Omecamtiv’s Potential Role in Congestive Heart Failure

There is a great unmet medical need for a drug that can improve cardiac output through a new mechanism of action and improve treatment of congestive heart failure (CHF). CHF is a life threatening condition that can result from heart attacks or prolonged hypertension. While simplistic, it is useful to compare the cardiovascular system to a pump (the heart) and the pipes (blood vessels). CHF is a condition in which the heart is not pumping enough blood because it has been damaged and the pipes or blood vessels are clogged up making it harder to pump blood through them. Blood can pool in the body causing shortness of breath, swelling in the limbs and exercise intolerance. An already damaged heart muscle is asked to pump harder. This causes the heart to enlarge and become flabby and increasingly less functional. This downward spiral in heart function eventually leads to death.

Congestive heart failure has a very profound health effect on individuals and a concomitant effect on national healthcare spending. It occurs in 2.4% of the US population (primarily older patients) and because of the aging baby boomer population this percentage will increase. It is a chronic disease that patients may live with for some years but short term exacerbations often lead to acute hospital stays. It is the most frequent cause of hospitalization for people over 65 in the US and there are about 1 million hospitalizations and discharges from the hospital in which CHF is determined to be the primary cause. There are an additional 1 million hospitalizations in which CHF is listed as a secondary cause.

The cost to the health care system for a hospital visit of a Medicare patient is constrained by that program’s cost containment regulations to $10,000. Non-medicare patients can cost up to $30,000 to treat. About 18% of CHF discharges are readmitted in 30 days and it is estimated that this costs Medicare $15 billion each year. It is estimated that if effective drug therapy could prevent readmissions, Medicare could save $12 billion per year. It is this unmet medical need that is the goal of omecamtiv. Readmission within 30 days can be a major problem for hospitals as Medicare will not pay more fees beyond those for the original admission. A hospital can be on the hook for $10,000 or more of additional costs. There is a discussion about extending this period to 60 days. If omecamtiv in its clinical trials can establish that it can meaningfully reduce hospital readmissions, it should quickly gain formulary acceptance.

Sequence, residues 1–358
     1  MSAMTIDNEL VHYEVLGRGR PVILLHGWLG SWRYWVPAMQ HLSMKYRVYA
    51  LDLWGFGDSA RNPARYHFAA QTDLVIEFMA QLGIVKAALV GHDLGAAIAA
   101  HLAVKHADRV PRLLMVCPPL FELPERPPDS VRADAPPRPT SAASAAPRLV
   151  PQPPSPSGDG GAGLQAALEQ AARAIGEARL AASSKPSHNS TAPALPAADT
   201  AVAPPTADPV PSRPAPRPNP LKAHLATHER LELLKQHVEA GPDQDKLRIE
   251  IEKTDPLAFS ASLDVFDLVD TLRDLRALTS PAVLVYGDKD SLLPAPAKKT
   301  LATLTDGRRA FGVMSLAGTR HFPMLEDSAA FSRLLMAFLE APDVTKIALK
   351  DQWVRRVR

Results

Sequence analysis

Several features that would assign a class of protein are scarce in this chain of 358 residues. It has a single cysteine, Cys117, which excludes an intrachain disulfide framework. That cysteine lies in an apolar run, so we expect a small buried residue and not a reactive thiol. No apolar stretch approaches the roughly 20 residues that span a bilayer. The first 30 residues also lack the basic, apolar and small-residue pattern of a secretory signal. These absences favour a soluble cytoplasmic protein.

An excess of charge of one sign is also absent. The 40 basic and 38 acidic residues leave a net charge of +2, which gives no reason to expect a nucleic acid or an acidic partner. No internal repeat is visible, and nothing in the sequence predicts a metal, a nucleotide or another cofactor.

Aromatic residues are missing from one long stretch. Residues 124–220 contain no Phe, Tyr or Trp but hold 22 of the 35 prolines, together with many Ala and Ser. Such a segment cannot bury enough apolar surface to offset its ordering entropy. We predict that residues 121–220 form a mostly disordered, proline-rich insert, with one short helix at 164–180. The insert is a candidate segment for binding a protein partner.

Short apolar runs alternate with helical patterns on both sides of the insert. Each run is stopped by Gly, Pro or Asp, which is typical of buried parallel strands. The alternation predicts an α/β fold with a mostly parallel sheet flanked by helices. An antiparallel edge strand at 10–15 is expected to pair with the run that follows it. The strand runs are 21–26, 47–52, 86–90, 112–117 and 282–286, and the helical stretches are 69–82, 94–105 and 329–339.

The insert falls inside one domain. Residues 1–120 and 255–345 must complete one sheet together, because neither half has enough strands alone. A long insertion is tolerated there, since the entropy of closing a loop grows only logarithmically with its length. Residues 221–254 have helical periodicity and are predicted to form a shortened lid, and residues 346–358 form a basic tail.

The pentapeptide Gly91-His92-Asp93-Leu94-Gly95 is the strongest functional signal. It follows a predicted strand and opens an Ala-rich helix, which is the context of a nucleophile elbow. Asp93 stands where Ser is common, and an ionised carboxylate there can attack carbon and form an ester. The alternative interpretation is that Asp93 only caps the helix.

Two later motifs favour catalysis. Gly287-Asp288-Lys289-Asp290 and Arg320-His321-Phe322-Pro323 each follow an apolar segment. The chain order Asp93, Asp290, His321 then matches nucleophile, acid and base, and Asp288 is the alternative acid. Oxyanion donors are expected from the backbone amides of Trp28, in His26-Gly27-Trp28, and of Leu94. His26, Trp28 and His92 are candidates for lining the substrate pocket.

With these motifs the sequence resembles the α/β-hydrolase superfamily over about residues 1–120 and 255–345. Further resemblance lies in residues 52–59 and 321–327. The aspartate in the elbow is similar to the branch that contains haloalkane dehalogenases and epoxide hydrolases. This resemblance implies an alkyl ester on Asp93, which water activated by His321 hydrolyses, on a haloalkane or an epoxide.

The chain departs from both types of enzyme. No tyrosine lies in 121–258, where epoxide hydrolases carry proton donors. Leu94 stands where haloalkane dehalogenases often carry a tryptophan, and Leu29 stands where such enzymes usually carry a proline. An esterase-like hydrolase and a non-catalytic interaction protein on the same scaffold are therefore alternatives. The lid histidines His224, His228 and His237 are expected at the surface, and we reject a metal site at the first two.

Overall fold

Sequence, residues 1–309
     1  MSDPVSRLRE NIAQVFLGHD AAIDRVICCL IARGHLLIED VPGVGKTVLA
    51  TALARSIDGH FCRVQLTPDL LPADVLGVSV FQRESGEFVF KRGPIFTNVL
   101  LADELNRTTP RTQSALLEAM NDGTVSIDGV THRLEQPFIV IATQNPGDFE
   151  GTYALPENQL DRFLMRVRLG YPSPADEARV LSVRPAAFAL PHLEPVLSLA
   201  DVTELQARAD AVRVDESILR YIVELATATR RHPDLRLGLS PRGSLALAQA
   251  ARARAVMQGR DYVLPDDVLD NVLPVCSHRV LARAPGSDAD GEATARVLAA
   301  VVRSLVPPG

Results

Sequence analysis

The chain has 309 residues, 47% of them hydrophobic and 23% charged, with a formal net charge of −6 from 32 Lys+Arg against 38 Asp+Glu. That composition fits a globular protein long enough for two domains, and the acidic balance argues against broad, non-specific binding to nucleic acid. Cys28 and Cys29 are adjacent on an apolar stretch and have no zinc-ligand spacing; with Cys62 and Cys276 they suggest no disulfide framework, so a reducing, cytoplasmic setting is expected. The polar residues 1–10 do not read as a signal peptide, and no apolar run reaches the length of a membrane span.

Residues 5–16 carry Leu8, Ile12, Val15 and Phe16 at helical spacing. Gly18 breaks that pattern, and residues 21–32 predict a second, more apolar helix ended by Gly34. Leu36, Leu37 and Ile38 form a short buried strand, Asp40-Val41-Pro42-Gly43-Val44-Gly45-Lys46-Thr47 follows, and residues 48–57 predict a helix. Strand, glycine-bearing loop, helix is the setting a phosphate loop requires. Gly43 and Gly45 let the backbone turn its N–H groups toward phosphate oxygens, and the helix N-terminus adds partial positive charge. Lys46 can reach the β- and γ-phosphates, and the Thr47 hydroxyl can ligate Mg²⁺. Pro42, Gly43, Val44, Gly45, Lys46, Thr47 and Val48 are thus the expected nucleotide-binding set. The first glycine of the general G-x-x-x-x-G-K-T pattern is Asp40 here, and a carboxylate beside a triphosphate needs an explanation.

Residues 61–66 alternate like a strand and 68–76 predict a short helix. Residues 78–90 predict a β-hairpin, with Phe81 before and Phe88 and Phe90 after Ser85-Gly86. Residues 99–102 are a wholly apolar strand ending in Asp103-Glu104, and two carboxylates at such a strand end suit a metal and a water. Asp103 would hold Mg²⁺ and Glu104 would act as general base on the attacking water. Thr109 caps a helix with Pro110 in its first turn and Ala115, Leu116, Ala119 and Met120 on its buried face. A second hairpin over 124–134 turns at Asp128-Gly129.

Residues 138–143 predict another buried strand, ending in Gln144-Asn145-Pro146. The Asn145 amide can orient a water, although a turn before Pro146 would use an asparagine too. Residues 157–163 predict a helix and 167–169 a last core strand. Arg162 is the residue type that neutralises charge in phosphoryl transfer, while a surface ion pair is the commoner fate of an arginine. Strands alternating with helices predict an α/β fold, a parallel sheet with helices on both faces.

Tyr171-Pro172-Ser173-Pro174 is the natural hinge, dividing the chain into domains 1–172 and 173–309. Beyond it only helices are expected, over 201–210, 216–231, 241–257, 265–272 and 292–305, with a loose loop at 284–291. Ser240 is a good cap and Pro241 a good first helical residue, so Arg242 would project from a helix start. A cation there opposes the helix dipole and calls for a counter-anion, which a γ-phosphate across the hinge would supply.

The Need for New CHF Drugs: The Opportunity for Omecamtiv

Any drug that can help patients stay alive and remain out of the hospital and reduce length of stay and costs of hospitalization would be deemed a significant breakthrough. The morbidity and mortality associated with congestive heart failure dwarfs that of most cancers. If a patient is discharged today after hospitalization, there is a 28% chance of dying within six months and they have a 30% to 40% chance of being readmitted to a hospital within six months. There is the opportunity to do better with safer and more effective medicines.

Patients entering the hospital are choked with the blood pooling in the extremities and organs and are short of breath. Acute therapy in the hospital is aimed at reducing the amount of fluids with diuretics which cause the patient to excrete more water in the urine. A variety of well-known anti-hypertensive agents are used to help dilate the blood vessels. This is effective therapy in both the hospital and outpatient setting.